Thanks to one of our Flexible NetFlow (FnF) Engineers we were recently able to re-test NetFlow multicast support. Prior to FnF we saw problems with active timeout not being recognized when the router exported multicast flows.

We had our lab router configured to route multicast traffic by adding the following to the FnF record.

match routing is-multicast
collect routing multicast replication-factor
collect counter bytes replicated
collect counter packets replicated

The FnF record is:

flow record nbar-mon
match routing is-multicast
match ipv4 tos
match ipv4 protocol
match ipv4 source address
match ipv4 destination address
match transport source-port
match transport destination-port
match interface input
match flow direction
match application name
collect datalink dot1q vlan input
collect datalink dot1q vlan output
collect datalink mac source address input
collect datalink mac source address output
collect datalink mac destination address input
collect datalink mac destination address output
collect routing destination as
collect routing multicast replication-factor
collect routing next-hop address ipv4
collect ipv4 dscp
collect ipv4 id
collect ipv4 source prefix
collect ipv4 source mask
collect ipv4 destination mask
collect transport tcp source-port
collect transport tcp destination-port
collect transport tcp flags
collect transport udp source-port
collect transport udp destination-port
collect interface output
collect counter bytes
collect counter packets
collect counter bytes replicated
collect counter packets replicated
collect timestamp sys-uptime first
collect timestamp sys-uptime last

Once we have the Flexible NetFlow configured, we need to generate traffic.

To generate multicast traffic, we used iperf . Once we had it installed, it was configured as follows:

iperf server was configred on my laptop. Command line below:

iperf -s -u -B -i 1

iperf client on telemarketing machine. Using the following command line:

iperf -c -u -T 32 -t 30000 -i 1

As you can see below, our NetFlow Reporting tool displays the different multicast destination addresses:

NetFlow Multicast Configured

But, what interfaces are the multicast above going out? Lets take a look:


Viewing NetFlow Multicast

Notice above that the egress interface is 0 on all of the flows.  Multicast flows collected ingress have a destination interface of null or 0. To export the interface the multicasts went out, we must export multicast egress NetFlows. This is explained in step four in the Network world configuring Flexible NetFlow blog.

int fastethernet 0/1
ip flow monitor nbar-mon multicast ingress
ip flow monitor nbar-mon multicast egress
ip flow monitor nbar-mon ingress

int int fastethernet 0/0/0
ip flow monitor nbar-mon ingress

Note to inquiring minds: Multicast support in Flexible Netflow (FnF) does not seem to suffer from the active timeout issue we saw with the standard NetFlow multicast configuration.

Pre FnF Multicast Exports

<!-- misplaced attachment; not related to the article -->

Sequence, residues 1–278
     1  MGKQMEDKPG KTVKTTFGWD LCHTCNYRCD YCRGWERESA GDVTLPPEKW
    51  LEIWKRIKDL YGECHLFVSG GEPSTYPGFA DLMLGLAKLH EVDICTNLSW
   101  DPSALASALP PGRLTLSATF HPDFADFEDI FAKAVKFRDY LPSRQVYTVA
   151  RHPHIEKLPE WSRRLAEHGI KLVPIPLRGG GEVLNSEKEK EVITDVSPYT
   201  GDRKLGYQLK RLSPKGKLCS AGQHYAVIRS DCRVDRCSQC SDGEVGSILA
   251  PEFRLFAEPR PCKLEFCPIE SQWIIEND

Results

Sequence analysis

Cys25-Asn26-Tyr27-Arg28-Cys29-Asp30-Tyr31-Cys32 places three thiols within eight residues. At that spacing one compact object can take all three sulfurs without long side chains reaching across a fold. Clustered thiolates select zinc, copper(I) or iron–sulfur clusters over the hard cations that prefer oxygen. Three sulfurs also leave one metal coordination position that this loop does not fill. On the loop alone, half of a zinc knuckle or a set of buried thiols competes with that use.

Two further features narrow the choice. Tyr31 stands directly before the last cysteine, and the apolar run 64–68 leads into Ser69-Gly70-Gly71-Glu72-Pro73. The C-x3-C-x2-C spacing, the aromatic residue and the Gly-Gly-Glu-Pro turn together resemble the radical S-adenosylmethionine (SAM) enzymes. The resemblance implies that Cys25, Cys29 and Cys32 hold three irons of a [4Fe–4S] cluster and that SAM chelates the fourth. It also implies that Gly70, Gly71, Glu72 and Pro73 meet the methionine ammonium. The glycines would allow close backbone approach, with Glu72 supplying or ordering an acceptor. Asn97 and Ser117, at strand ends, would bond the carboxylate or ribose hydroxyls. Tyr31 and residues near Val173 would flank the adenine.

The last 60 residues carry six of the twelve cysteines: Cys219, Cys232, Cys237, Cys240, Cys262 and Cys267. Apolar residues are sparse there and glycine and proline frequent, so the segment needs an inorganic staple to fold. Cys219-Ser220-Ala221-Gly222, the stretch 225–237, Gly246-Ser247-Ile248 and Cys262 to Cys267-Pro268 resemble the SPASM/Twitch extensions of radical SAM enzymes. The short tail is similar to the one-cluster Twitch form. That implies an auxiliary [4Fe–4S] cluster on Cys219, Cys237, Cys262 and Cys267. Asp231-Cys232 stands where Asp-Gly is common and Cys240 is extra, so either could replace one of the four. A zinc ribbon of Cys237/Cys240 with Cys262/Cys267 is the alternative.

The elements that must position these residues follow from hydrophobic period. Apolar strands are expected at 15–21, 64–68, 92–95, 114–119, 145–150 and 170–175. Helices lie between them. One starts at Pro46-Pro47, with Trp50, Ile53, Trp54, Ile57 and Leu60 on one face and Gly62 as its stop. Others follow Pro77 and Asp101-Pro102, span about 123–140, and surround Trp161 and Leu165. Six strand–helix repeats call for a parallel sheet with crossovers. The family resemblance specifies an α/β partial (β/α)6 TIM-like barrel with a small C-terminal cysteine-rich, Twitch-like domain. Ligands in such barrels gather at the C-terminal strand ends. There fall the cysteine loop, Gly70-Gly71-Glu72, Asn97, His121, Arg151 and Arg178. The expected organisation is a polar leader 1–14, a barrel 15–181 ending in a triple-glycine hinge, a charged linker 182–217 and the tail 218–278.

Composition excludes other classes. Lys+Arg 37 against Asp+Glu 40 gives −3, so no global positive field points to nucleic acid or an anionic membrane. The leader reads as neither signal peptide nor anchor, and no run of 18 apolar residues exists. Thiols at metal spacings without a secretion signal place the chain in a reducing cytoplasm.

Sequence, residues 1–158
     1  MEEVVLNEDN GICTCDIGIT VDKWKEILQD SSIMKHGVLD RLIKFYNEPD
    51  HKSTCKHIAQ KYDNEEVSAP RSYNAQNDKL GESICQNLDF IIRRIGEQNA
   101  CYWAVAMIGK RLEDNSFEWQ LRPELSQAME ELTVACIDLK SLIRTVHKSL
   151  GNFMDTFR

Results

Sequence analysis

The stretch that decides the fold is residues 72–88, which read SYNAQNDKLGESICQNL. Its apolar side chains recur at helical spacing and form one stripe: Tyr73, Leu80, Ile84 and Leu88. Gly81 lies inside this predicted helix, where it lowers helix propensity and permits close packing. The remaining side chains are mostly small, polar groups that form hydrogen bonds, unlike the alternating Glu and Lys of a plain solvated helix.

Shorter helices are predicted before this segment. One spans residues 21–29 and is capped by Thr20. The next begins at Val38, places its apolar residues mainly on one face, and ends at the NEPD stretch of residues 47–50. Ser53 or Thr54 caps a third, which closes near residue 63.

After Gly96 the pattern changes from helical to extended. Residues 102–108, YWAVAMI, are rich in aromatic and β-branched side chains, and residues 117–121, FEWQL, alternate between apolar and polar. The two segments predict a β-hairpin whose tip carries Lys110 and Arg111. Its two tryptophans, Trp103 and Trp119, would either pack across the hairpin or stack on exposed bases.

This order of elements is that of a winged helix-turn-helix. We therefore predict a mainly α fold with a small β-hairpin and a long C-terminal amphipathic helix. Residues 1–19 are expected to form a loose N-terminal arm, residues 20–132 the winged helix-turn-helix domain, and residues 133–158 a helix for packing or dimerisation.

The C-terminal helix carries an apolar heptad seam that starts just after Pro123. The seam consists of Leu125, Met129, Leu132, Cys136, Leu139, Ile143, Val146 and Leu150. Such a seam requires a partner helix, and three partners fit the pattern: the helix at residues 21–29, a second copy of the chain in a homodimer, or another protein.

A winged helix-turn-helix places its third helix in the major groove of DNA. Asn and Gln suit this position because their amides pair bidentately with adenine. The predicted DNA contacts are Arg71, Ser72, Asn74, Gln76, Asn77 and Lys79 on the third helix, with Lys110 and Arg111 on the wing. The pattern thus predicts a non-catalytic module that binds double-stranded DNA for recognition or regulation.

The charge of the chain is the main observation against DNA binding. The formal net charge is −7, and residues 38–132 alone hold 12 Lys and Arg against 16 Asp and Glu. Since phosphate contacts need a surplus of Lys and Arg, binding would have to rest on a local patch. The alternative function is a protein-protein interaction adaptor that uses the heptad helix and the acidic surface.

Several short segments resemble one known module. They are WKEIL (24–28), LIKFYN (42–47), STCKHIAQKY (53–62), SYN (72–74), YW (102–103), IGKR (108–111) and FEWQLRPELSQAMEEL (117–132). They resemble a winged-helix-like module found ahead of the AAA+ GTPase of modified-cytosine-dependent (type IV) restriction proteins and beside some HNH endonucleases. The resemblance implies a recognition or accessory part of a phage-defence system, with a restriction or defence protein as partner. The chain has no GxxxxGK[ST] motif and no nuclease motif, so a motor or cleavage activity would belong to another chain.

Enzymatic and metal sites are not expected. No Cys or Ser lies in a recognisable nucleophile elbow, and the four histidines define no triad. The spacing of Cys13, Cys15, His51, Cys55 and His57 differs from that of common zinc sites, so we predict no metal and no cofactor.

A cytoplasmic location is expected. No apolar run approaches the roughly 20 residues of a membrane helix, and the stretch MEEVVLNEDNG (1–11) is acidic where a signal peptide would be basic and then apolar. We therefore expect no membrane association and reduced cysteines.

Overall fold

NetFlow v9 had support for NetFlow Multicast Accounting prior to FnF. I copied the text below from the Cisco web site.

<<< BEGIN >>>

Multicast Ingress and Multicast Egress Accounting
The NetFlow Multicast Support feature lets you select either multicast ingress accounting, in which a replication factor (equal to the number of output interfaces) indicates the load, or multicast egress accounting, in which all outgoing multicast streams are processed as separate streams, or both. This lets you collect information about how much data is leaving the interfaces of the router (egress and multicast ingress accounting) or how much multicast data is received (multicast ingress accounting).

On the ingress side, multicast packets are counted like unicast packets, but with two additional fields (for number of replicated packets and byte count). With multicast ingress accounting, the destination interface field will be set to null, and the IP next hop field is set to zero for multicast flows.

NetFlow Multicast Flow Records
Multicast ingress accounting creates one flow record that indicates how many times each packet is replicated. Multicast egress accounting creates a unique flow record for each outgoing interface.

<<< END >>>

  • Multicast NetFlow ingress  (1 flow with the replicated # of packets/bytes)
    Router(config-if)# ip multicast netflow ingress
  • Multicast NetFlow egress (1 flow per outgoing interface with the non replicated number of packets/bytes
    Router(config-if)# ip multicast netflow egress

Remember, we saw an active timeout with pre FnF NetFlow multicast exports (C2600-ENTBASEK9-mz.124-15.T10) where the active timeout was ignored and the flows were not exported until the multicast terminated. This resulted in big spikes in the graphs when trending 1 and 5 minute intervals depending on the duration of the multicast stream.

Now that you have NetFlow multicast configured, use the new Cisco Performance Monitoring NetFlow exports for Medianet.  These new Flexible NetFlow exports allow you to report on jitter, latency and packet loss.

If you have questions on setting this up or on reporting on the data, just comment below and I’ll post a reply.  You can also contact us.

Mike Patterson author pic


Michael is one of the Co-founders and the former product manager for Scrutinizer. He enjoys many outdoor winter sports and often takes videos when he is snowmobiling, ice fishing or sledding with his kids. Cold weather and lots of snow make the best winters as far as he is concerned. Prior to starting Somix and Plixer, Mike worked in technical support at Cabletron Systems, acquired his Novell CNE and then moved to the training department for a few years. While in training he finished his Masters in Computer Information Systems from Southern New Hampshire University and then left technical training to pursue a new skill set in Professional Services. In 1998 he left the 'Tron' to start Somix which later became Plixer.


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